Produced by the legendary Jim Dickinson, Miller's Citation is a rock soundtrack for stories set stateside and on battlefields, songs that seem to spring from the pages of historical biographies and, of course, songs about sex, love, and trains. Before you scoff at the train part, he's the only guy to actually launch a tour on a train. Scott Miller not only creates songs with a sense of place, he and his band, The Commonwealth make them rock. Sugar Hill. 2006.
The third solo album by the former V-Roys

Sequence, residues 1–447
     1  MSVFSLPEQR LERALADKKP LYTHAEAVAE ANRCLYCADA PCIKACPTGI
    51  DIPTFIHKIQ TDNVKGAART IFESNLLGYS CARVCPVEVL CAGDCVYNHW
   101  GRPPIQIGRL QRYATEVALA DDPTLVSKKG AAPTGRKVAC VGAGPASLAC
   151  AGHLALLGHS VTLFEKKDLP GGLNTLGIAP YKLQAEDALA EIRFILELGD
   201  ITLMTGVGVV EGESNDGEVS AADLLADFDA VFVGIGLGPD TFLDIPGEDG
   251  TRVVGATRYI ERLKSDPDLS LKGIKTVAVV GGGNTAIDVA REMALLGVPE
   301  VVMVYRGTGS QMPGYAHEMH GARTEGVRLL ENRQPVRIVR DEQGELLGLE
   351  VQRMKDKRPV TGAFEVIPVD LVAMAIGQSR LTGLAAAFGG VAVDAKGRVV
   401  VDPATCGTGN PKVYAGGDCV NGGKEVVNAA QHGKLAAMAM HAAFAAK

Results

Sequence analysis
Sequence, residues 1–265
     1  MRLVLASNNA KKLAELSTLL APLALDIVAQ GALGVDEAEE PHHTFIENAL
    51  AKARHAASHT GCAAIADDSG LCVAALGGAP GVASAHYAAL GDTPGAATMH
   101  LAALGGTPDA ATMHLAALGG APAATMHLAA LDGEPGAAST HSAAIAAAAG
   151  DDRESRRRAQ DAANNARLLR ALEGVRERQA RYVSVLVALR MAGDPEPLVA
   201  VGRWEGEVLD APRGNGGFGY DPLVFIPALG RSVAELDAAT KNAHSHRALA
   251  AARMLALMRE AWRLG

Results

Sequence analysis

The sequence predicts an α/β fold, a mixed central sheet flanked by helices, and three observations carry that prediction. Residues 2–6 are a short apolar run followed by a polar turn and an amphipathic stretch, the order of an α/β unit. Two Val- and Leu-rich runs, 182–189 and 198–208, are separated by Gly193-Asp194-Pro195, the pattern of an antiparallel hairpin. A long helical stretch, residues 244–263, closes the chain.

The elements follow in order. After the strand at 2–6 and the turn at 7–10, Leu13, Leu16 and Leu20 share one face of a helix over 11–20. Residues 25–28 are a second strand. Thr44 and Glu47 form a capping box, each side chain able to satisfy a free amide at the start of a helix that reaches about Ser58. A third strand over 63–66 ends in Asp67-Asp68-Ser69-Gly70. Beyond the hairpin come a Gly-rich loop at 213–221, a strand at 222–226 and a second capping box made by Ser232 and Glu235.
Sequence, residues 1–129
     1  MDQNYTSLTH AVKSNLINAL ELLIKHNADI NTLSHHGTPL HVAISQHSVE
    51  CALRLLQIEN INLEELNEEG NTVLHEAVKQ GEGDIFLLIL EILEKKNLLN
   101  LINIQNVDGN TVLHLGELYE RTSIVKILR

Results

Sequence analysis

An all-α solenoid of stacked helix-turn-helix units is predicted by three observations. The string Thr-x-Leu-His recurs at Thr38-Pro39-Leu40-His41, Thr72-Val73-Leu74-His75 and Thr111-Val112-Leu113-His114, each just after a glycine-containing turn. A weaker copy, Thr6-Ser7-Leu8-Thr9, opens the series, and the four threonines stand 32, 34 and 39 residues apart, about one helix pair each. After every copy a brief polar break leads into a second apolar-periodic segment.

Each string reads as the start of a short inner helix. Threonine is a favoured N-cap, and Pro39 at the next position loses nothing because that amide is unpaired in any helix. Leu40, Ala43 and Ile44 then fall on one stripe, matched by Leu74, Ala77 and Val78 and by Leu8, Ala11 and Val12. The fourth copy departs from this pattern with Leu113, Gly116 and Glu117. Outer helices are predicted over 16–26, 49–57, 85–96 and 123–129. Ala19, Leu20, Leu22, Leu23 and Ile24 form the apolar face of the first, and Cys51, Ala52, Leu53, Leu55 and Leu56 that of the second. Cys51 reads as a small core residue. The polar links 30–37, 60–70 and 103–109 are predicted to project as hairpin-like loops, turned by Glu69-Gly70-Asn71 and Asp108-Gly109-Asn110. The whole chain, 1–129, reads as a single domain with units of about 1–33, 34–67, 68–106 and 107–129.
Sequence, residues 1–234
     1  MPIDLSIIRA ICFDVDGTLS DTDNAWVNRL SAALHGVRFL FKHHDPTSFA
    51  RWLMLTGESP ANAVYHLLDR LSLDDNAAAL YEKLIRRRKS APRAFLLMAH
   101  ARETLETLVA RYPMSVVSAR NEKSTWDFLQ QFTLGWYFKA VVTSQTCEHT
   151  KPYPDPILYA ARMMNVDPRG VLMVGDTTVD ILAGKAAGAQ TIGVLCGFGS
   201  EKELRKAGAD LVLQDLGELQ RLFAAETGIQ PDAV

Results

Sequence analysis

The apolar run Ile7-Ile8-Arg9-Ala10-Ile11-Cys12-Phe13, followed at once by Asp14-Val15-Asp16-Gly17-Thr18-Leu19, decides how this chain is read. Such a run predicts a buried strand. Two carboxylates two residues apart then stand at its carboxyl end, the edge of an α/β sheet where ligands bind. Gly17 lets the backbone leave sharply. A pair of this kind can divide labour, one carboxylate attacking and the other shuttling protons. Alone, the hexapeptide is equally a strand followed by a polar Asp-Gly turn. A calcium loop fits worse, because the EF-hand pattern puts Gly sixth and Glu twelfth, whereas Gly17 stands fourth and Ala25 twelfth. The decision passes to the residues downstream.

frontman combines the storytelling of a Tennessee troubadour with the reckless soul of a diehard rocker. It's been a long time since even Bruce Springsteen has recorded an anthem as Springsteenesque as the opening "Freedom's a Stranger," with a hard-twanging cover of Neil Young's "Hawks and Doves" (timely once again) also showing Miller's affinity for rock classicism. The country romp through "Say Ho" provides an impromptu history lesson on Sam Houston, while the solo acoustic closer, "Long Goodnight," is likely the bleakest lullaby you'll ever hear. Across the range of musical territory that Miller covers, he combines an expressively reedy voice with an eye for significant detail. This project plainly found a kindred spirit in legendary producer Jim Dickinson (patriarch of the North Mississppi Allstars, with sideman credits from the Rolling Stones to Ry Cooder), who has long shown a preference for first-take immediacy and passion over polish. On "Still People Are Moving," the song begins as midtempo ballad and accelerates with the supercharged propulsion of a runaway train. --Don McLeese